What trends have you noticed in the labor and employment law and in technology law in the last year?

The main trend in labor and employment law in the last year has been the slowing of the government’s reformist drive, which had been the prevailing trend in labor and employment law in the wake of the financial crisis. In addition, precisely targeted amendments to the Portuguese Employment Code have, to a certain extent, reversed previous amendments in non-essential areas. 

In technology law, the agenda has been dominated by the European Union’s General Data Protection Regulation, or GDPR, which will apply from May 25, 2018. In particular, companies (and their lawyers) have been busy making sure that their internal practices regulations will comply with the new data protection rules.

Are there any recent policies in either of these practice areas specific to Portugal that have created any shifts in dynamics or led to major changes?

Recent changes have significantly strengthened the legislation to prevent situations of harassment at work in both the public and private sectors. This has been achieved by making changes to the Employment Code and the General Law on Work in the Civil Service. It is expected that new regulations will come into force soon and that the Working Conditions Authority (Autoridade para as Condições do Trabalho) will be granted additional means to enforce the fight against harassment at work. In particular, it is expected to have dedicated teams of inspectors to receive complaints about assault in the workplace. In addition, important legal amendments are currently being discussed in the Portuguese parliament, especially concerning TUPE regulations and the right to professional disconnection.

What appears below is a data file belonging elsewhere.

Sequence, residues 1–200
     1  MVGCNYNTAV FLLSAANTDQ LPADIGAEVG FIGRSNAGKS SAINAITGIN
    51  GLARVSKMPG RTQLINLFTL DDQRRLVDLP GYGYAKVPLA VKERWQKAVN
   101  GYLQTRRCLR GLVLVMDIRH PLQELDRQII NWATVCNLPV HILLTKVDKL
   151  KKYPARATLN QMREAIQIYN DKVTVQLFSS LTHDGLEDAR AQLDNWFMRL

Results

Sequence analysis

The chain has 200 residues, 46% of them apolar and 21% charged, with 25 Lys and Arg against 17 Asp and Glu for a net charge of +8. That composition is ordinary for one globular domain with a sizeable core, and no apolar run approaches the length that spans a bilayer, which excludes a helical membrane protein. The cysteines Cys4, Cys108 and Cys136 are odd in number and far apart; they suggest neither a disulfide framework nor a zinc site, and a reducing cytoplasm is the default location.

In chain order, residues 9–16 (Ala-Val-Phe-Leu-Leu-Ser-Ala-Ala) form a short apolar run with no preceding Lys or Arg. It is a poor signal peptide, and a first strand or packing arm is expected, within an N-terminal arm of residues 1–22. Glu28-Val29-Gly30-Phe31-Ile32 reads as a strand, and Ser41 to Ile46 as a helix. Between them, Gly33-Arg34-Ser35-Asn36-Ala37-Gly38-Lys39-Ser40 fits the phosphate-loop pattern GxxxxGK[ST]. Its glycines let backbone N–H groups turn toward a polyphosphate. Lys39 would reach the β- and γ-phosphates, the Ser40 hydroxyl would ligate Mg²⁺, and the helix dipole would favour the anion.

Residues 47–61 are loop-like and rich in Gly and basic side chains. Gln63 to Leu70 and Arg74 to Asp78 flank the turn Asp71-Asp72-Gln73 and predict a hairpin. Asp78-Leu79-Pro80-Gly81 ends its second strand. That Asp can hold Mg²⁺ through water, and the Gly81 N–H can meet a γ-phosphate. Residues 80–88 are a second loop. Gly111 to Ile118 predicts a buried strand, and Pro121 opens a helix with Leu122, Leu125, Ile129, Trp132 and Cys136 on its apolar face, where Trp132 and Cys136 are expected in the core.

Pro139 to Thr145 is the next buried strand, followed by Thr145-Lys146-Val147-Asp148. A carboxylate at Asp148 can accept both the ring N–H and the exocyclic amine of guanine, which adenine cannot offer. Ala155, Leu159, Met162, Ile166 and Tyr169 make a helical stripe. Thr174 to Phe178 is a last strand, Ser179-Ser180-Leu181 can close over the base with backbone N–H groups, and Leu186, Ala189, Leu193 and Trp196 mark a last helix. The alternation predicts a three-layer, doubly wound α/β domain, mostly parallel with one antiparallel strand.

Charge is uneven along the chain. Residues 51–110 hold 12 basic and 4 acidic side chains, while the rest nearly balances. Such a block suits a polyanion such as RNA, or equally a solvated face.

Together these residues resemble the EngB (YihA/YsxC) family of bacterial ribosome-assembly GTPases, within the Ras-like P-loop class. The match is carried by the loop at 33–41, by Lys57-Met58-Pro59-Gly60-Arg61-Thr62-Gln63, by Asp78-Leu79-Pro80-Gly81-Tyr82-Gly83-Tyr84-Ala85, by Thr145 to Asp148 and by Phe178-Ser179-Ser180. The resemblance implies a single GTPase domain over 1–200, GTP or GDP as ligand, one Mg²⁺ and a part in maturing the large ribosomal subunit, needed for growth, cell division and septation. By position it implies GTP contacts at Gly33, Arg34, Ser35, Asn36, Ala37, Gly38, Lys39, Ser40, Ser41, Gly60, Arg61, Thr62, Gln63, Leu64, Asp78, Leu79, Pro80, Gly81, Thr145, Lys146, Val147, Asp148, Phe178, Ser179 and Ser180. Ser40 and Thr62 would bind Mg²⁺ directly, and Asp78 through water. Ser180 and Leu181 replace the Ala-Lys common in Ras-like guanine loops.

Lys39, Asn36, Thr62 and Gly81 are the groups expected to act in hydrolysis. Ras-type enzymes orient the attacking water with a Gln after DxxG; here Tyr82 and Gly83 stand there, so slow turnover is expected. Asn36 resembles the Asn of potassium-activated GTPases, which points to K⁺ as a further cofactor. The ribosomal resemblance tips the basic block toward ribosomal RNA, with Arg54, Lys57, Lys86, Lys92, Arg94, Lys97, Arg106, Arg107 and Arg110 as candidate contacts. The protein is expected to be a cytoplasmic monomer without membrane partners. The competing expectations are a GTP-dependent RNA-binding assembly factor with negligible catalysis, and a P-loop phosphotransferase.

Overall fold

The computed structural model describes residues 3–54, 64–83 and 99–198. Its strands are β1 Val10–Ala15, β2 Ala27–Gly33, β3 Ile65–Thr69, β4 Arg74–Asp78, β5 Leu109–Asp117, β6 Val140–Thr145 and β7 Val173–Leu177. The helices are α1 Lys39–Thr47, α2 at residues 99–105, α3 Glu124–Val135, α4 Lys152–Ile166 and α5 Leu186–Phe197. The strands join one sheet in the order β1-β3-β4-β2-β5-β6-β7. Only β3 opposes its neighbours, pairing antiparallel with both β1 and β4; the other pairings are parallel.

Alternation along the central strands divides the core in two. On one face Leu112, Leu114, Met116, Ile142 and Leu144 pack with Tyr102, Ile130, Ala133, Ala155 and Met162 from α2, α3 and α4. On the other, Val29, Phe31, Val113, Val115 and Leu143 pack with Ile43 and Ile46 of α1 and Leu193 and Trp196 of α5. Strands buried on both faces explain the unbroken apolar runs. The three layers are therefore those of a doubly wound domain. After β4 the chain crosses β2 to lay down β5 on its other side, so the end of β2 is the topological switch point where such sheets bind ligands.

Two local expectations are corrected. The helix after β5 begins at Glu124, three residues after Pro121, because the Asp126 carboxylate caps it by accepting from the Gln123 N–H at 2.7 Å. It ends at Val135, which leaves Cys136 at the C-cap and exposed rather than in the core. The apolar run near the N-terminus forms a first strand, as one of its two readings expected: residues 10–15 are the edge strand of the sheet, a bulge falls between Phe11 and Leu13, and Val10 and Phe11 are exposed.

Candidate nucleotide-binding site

Can you describe any landmark cases you’ve worked on recently in either (or both) practice areas?

In the labor and employment law practice area, we have worked on significant staff reductions in one of the most important media groups in Portugal. We have also worked on a transaction involving the partial sale of another of the most important media groups in Portugal.

What characteristics does your firm have that you believe led to this recognition?

PLMJ has one of the largest labor and employment law teams in Portugal, and this team is made up of specialists with strong academic backgrounds and unmatched experience. Together, in acting for many of Portugal’s leading employers who recognize our dedication to achieving excellence in the delivery of legal services, this team has built an extensive track record of achieving very pragmatic results with a client-focused approach.